RESULTS: Forty-five (39%) patients reported falls. In a sub-analysis in the patients recruited at UZA (n = 69), 20% experienced three or more falls and three patients (4%) suffered from severe fall-related injuries. The DHI score and the OSQ score were significantly higher in fallers. Residual vestibular function, SPIN, sound localization performance, etiology, disease duration, age and sport practice did not differ between fallers and non-fallers.
CONCLUSIONS: Falls and (severe) fall-related injuries are frequent among BV patients. A DHI score > 47 and an OSQ score > 27.5 might be indicative for BV patients at risk for falls, with a sensitivity of 70% and specificity of 60%. Residual vestibular function captured by single vestibular tests (vHIT, calorics, rotatory chair, cVEMP) or by overall vestibular function defined as the number of impaired vestibular sensors are not suitable to distinguish fallers and non-fallers in a BV population.
PMID: 32150553
PMCID: PMC7062241


No 518: May 20, 2020


BalanCI: Head-Referenced Cochlear Implant Stimulation Improves Balance in Children with Bilateral Cochleovestibular Loss
Wolter NE, Gordon KA, Campos JL, Vilchez Madrigal LD, Pothier DD, Hughes CO, Papsin BC, Cushing SL.BalanCI: Head-Referenced Cochlear Implant Stimulation Improves Balance in Children with Bilateral Cochleovestibular Loss. Audiol Neurootol. 2020;25(1-2):60-71. doi: 10.1159/000503135. Epub 2019 Nov 1.
INTRODUCTION: To determine the impact of a head-referenced cochlear implant (CI) stimulation system, BalanCI, on balance and postural control in children with bilateral cochleovestibular loss (BCVL) who use bilateral CI.
METHODS: Prospective, blinded case-control study. Balance and postural control testing occurred in two settings: (1) quiet clinical setting and (2) immersive realistic virtual environment (Challenging Environment Assessment Laboratory [CEAL], Toronto Rehabilitation Institute). Postural control was assessed in 16 and balance in 10 children with BCVL who use bilateral CI, along with 10 typically developing children. Children with neuromotor, cognitive, or visual deficits that would prevent them from performing the tests were excluded. Children wore the BalanCI, which is a head-mounted device that couples with their CIs through the audio port and provides head-referenced spatial information delivered via the intracochlear electrode array. Postural control was measured by center of pressure (COP) and time to fall using the WiiTM (Nintendo, WA, USA) Balance Board for feet and the BalanCI for head, during the administration of the Modified Clinical Test of Sensory Interaction in Balance (CTSIB-M). The COP of the head and feet were assessed for change by deviation, measured as root mean square around the COP (COP-RMS), rate of deviation (COP-RMS/duration), and rate of path length change from center (COP-velocity). Balance was assessed by the Bruininks-Oseretsky Test of Motor Proficiency 2, balance subtest (BOT-2), specifically, BOT-2 score as well as time to fall/fault.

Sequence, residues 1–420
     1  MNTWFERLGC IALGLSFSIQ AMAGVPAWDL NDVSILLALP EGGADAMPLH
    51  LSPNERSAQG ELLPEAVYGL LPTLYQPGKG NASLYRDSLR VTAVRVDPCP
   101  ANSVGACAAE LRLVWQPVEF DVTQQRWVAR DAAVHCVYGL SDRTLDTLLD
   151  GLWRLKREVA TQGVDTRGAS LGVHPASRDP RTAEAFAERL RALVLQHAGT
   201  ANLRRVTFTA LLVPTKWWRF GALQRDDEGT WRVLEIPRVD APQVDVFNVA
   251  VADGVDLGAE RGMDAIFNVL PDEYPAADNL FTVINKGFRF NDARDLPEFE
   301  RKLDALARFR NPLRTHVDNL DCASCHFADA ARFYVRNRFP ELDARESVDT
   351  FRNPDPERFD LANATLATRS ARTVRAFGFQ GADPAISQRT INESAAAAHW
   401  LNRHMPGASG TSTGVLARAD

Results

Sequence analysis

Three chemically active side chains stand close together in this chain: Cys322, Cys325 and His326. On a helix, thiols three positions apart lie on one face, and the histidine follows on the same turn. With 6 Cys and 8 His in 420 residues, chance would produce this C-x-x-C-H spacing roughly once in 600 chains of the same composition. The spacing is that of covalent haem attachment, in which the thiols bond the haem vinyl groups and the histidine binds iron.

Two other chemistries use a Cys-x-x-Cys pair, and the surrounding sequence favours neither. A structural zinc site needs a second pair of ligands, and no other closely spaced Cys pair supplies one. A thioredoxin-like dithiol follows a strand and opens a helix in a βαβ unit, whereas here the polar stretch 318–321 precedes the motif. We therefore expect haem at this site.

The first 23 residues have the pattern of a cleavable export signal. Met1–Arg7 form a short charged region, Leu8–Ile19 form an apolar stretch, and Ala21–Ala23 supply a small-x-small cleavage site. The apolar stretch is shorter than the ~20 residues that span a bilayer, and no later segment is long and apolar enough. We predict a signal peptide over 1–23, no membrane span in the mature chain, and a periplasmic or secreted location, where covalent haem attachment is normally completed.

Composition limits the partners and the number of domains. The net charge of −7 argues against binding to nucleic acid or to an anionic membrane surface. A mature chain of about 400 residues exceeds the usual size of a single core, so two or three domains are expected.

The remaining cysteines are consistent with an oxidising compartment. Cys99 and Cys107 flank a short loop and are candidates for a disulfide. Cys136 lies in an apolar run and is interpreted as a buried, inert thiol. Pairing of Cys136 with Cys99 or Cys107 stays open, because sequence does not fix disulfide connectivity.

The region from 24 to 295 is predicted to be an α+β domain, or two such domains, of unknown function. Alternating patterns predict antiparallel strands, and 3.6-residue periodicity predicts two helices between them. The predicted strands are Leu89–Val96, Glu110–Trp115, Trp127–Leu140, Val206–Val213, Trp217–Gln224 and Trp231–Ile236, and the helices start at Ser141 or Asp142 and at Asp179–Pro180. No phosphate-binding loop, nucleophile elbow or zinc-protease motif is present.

In the virtual environment, children demonstrated more stable balance when using BalanCI as measured by an improvement in BOT-2 scores. In a quiet clinical setting, the use of BalanCI led to improved postural control as demonstrated by significant reductions in COP-RMS and COP-velocity. With the use of BalanCI, the number of falls/faults was significantly reduced and time to fall increased.